The 100-Year-Old Racist Law that Broke America’s Immigration System

In this series commissioned by Catherine S. Ramírez and A. Naomi Paik, contributors examine the legacy of the Immigration Act of 1924 and the simultaneous launching of the Border Patrol, which, together, inaugurated the most restrictive era of US immigration history until our own.
The Chinese and Asiatic exclusion laws of the 19th and early 20th century paved the way for the Immigration Act of 1924.

The Immigration Act of 1924 is arguably the most restrictive and racist immigration law ever to have been passed by the United States Congress. It was not unprecedented in its restrictive nature: since 1882, Congress had imposed qualitative exclusions on persons deemed likely to become public charges, or otherwise morally or physically deficient. Nor was it unprecedented in its racism: notably, the Chinese and Asiatic exclusion laws of the 19th and early 20th century paved its way. Nevertheless, the 1924 Act marked a historical turning point in immigration policy. And this was because it imposed, for the first time, a numerical ceiling on the number of immigrants admitted into the country; and, in so doing, the law applied a racial hierarchy of desirability to all countries in the world.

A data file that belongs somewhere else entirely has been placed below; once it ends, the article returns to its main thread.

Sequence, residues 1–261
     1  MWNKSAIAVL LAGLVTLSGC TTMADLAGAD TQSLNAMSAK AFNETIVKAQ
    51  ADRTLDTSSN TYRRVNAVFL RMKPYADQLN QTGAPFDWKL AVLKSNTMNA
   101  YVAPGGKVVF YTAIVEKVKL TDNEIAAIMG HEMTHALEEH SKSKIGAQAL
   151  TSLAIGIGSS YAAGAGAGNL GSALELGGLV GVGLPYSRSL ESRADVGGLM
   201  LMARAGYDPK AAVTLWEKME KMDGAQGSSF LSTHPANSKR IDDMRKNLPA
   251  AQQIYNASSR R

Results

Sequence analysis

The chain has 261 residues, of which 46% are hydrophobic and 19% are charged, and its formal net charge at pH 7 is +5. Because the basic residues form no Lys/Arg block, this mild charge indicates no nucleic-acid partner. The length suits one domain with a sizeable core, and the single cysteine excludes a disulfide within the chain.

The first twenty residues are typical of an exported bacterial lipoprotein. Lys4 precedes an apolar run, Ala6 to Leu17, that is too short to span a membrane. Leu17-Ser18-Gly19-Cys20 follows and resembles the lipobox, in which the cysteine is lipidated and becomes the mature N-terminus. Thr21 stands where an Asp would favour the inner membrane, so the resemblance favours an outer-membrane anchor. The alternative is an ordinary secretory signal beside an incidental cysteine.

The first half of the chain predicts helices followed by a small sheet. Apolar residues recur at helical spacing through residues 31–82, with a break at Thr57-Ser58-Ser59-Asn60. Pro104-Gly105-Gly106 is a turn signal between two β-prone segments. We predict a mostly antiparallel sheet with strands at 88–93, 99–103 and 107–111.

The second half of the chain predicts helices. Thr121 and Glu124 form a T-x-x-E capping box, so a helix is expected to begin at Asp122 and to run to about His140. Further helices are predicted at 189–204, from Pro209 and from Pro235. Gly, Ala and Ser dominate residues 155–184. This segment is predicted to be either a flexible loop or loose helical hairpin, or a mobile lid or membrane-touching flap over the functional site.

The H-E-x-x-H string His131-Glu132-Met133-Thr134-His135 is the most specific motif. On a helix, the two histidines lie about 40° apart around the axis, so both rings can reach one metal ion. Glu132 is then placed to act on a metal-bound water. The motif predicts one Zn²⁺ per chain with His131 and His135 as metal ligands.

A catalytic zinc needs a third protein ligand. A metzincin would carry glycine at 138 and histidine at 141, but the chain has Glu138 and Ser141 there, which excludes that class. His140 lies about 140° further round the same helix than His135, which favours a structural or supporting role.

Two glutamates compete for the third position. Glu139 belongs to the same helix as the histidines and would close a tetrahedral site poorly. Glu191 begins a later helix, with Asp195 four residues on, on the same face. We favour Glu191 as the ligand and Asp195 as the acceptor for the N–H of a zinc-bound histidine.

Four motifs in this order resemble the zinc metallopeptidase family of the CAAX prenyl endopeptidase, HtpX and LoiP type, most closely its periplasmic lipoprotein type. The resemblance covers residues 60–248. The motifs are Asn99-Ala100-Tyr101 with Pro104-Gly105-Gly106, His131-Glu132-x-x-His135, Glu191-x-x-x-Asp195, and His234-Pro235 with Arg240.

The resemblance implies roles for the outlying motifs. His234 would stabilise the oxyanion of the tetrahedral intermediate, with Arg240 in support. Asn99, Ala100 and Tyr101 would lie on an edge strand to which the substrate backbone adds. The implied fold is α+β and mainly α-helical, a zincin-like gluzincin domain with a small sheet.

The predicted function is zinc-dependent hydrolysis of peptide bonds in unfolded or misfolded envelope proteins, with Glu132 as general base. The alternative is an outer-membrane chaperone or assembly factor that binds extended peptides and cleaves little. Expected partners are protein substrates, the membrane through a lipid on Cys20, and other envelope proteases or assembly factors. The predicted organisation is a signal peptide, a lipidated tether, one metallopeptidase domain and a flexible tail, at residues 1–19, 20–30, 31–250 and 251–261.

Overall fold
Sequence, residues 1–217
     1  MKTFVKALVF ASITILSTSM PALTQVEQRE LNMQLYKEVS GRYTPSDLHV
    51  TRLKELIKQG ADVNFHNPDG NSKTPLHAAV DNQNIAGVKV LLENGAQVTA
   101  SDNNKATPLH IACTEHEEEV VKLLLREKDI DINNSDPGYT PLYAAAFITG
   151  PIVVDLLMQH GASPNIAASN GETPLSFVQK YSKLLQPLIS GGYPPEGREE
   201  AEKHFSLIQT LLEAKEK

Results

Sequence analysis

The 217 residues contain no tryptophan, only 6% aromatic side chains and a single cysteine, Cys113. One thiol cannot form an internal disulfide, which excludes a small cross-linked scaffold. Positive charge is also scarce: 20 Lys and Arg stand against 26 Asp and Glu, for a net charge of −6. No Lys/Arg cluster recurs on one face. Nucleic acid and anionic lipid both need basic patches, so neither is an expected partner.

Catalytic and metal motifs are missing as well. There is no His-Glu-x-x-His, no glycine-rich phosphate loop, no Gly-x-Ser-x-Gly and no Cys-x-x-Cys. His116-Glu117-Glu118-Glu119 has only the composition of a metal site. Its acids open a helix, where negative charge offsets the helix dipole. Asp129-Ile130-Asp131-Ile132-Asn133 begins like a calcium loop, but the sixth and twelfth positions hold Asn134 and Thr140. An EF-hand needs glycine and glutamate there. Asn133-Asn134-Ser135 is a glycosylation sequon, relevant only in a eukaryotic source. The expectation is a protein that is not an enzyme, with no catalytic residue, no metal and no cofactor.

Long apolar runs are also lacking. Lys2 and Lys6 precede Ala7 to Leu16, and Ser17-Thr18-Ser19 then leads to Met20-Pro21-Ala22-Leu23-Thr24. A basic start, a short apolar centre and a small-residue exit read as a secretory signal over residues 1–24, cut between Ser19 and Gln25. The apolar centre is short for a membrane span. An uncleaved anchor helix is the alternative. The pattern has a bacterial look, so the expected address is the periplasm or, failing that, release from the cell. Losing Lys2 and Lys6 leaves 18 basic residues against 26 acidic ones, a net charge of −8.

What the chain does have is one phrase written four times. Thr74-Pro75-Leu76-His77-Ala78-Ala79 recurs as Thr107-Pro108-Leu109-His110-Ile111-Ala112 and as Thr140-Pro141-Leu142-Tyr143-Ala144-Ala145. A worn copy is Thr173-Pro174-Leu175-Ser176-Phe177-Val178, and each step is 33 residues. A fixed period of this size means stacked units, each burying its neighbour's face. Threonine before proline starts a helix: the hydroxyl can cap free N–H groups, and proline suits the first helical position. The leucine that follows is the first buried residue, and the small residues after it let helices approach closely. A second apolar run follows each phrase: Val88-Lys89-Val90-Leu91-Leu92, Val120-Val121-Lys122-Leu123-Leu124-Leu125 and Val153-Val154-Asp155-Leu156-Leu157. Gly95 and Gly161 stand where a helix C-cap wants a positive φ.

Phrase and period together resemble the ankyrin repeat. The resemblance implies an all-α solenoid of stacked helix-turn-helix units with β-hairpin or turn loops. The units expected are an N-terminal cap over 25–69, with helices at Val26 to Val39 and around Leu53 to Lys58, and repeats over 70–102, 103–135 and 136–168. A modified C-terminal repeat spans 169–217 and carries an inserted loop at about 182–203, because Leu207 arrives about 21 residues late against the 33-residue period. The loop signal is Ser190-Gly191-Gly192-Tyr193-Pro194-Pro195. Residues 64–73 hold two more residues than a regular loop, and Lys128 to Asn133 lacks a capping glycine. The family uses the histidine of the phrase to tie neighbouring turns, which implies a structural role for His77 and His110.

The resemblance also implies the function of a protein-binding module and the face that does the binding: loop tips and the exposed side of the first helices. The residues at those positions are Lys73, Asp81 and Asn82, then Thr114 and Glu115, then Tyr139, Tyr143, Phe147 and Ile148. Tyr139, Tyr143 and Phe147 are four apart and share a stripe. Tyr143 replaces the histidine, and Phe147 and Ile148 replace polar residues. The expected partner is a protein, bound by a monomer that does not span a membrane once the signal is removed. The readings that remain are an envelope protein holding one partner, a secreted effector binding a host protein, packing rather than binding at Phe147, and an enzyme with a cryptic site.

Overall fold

The principle of numerical restriction has remained a normative feature of American immigration policy for a century. The principle of racial desirability was formally repealed in 1965. But even so, it was reproduced in more subtle ways and continues to haunt immigration policy and political discourse to this day.


It’s hard for many Americans to imagine that before World War I, immigration into the US was basically unrestricted. That is, except for Chinese and other Asians. By 1919, passports were still a new feature of international travel, born of the war. As yet, however, there were no visas, no quotas, no green cards. Inspection was cursory. In fact, a bare 2 percent of those arriving at Ellis Island during its peak decades were turned away.

But just a few years later, the Immigration Act of 1924 introduced a bold and new restrictive system.1 The numerical limit was set at 150,000 immigrants a year, even though this was just 15% of pre–World War I levels.

The law was structured as a tripartite border policy, with different conditions imposed on migrants coming from across the Atlantic, the Pacific, and the Western Hemisphere. The national origin quotas and Asiatic exclusion were the most odious discriminations of the law.

For those coming from across the Atlantic, national origin quotas aimed to restrict immigration from eastern, southern, and central Europe. This was because restrictionists opposed the growing population of Jews, Italians, and Slavs—who had, for decades, contributed their brawn and sweat to America’s industrialization and urbanization—as the “degraded races of Europe.”